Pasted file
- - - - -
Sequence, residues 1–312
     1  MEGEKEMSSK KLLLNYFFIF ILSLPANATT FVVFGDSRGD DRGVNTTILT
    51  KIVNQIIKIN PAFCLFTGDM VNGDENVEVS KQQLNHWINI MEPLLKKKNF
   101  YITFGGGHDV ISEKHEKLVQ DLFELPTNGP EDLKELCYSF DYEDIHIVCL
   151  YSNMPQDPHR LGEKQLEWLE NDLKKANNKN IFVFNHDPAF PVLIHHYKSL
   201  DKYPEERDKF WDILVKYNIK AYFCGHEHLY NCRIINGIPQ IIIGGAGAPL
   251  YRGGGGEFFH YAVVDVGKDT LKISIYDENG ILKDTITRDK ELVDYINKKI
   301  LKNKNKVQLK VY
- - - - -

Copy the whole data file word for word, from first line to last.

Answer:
Sequence, residues 1–312
     1  MEGEKEMSSK KLLLNYFFIF ILSLPANATT FVVFGDSRGD DRGVNTTILT
    51  KIVNQIIKIN PAFCLFTGDM VNGDENVEVS KQQLNHWINI MEPLLKKKNF
   101  YITFGGGHDV ISEKHEKLVQ DLFELPTNGP EDLKELCYSF DYEDIHIVCL
   151  YSNMPQDPHR LGEKQLEWLE NDLKKANNKN IFVFNHDPAF PVLIHHYKSL
   201  DKYPEERDKF WDILVKYNIK AYFCGHEHLY NCRIINGIPQ IIIGGAGAPL
   251  YRGGGGEFFH YAVVDVGKDT LKISIYDENG ILKDTITRDK ELVDYINKKI
   301  LKNKNKVQLK VY